Having grown up in the 1970s, when I witnessed my mother’s grief and stress at losing jobs, and her struggle with the cost of living in times of high inflation, I am hoping that the inflationist camp does not prove correct and would say ‘careful what you wish for’.

Central banks will stay in tune with the ongoing economic readings, and an ongoing pandemic could well delay a resumption to normal in supply chains.

Markets and stocks usually overreact to the downside and the upside, bringing more volatility and, for me, that means keeping cash on the side lines to buy the quality stocks in the sell offs.

Disclaimer: Shareplicity offers information that is only general in nature. It does not take into account your personal financial situation, needs or objectives. Nor does it take into account the financial needs of any specific person. You should consider your own personal financial situation and needs or seek financial advice before making any decisions based on this information.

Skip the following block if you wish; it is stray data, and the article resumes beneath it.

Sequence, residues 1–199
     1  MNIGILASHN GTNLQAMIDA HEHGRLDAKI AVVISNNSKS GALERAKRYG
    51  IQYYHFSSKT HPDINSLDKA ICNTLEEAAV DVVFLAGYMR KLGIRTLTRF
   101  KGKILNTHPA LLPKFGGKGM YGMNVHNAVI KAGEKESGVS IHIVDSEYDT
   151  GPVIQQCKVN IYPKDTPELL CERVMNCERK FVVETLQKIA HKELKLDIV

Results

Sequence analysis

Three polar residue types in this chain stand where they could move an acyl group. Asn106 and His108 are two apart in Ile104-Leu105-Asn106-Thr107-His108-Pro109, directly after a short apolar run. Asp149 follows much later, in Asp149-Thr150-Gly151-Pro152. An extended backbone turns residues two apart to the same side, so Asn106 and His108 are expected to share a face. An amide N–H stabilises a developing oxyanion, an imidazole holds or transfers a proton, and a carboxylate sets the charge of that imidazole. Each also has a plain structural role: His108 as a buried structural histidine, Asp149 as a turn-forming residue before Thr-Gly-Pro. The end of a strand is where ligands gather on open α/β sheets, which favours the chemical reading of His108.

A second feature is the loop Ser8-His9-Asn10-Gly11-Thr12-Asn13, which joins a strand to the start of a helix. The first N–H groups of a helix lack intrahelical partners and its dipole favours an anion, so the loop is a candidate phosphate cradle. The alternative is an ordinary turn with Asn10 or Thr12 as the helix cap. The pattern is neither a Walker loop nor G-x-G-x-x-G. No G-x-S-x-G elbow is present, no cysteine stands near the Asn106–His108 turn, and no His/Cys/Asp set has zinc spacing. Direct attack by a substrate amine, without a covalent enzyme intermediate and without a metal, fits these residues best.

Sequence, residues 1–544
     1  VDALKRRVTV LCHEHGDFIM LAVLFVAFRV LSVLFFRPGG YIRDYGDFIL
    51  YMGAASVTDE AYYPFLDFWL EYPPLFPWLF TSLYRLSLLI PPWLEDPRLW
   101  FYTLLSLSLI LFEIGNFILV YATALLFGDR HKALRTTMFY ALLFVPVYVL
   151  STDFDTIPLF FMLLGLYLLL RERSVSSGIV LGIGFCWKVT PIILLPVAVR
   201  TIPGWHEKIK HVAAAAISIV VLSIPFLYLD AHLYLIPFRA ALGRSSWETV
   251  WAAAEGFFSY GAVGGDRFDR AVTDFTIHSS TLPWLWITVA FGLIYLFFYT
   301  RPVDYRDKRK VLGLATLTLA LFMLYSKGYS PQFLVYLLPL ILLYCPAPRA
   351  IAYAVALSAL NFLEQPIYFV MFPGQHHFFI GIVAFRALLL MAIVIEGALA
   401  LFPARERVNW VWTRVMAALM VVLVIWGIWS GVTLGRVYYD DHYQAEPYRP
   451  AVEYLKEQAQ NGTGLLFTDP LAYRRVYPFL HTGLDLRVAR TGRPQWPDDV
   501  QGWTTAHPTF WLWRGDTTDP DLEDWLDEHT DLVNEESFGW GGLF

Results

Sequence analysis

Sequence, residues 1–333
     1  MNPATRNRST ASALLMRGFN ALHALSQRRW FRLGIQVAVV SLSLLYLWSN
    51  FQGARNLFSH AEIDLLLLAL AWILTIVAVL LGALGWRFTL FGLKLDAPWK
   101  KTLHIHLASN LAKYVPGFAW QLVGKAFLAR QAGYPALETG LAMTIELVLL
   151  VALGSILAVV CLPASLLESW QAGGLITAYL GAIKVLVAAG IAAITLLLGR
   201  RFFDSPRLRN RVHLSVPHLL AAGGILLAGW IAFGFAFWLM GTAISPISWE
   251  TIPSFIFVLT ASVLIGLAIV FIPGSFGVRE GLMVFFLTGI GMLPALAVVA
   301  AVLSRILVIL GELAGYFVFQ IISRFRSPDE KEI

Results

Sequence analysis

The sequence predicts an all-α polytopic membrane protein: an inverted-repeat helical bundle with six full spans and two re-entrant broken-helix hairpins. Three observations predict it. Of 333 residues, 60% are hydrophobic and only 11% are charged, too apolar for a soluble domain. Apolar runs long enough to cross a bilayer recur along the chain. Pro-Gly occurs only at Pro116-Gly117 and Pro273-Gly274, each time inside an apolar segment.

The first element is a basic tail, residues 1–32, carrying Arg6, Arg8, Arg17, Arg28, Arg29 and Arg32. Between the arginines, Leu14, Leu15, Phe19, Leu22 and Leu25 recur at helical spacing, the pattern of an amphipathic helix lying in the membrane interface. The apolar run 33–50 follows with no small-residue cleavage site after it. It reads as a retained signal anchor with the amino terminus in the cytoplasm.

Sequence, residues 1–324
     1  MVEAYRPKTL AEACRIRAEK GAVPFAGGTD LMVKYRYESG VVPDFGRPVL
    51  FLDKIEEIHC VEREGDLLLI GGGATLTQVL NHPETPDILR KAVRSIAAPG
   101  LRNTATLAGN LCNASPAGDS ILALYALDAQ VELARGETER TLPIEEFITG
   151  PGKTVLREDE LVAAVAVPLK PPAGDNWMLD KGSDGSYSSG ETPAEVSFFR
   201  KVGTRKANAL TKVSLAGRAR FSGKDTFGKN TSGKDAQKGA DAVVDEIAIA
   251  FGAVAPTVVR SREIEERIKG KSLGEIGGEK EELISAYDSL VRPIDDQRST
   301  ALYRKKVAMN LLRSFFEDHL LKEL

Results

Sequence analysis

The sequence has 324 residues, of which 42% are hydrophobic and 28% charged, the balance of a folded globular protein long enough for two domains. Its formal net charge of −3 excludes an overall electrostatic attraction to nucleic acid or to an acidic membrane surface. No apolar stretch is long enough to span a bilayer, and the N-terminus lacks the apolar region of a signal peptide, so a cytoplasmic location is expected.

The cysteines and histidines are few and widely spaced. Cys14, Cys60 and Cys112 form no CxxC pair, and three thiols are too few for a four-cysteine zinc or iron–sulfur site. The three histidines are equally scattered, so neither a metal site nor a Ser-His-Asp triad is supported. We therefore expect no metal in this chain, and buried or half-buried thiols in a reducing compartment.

The material does not constitute or undertake to give advice of any nature, including fiduciary investment advice, nor is it intended to serve as the primary basis for an investment decision. Prospective investors are recommended to seek independent legal, financial and tax advice before making any investment decision. Past performance is not a reliable indicator of future performance. Investment involves risks. The value of an investment and any income from it can go down as well as up.

Information and opinions presented have been obtained or derived from sources believed to be reliable and current; however, we cannot guarantee the sources’ accuracy or completeness. There is no guarantee that any forecasts made will come to pass.


A simple approach isn’t simplistic